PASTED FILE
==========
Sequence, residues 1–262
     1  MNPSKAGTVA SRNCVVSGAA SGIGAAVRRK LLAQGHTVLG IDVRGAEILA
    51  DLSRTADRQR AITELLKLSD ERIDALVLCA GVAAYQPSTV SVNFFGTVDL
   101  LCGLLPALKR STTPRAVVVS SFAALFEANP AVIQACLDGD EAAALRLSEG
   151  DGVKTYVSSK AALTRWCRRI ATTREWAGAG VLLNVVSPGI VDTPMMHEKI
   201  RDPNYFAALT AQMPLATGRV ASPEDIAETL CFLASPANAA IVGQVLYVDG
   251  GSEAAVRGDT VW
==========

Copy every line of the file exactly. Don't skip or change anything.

Sequence, residues 1–262
     1  MNPSKAGTVA SRNCVVSGAA SGIGAAVRRK LLAQGHTVLG IDVRGAEILA
    51  DLSRTADRQR AITELLKLSD ERIDALVLCA GVAAYQPSTV SVNFFGTVDL
   101  LCGLLPALKR STTPRAVVVS SFAALFEANP AVIQACLDGD EAAALRLSEG
   151  DGVKTYVSSK AALTRWCRRI ATTREWAGAG VLLNVVSPGI VDTPMMHEKI
   201  RDPNYFAALT AQMPLATGRV ASPEDIAETL CFLASPANAA IVGQVLYVDG
   251  GSEAAVRGDT VW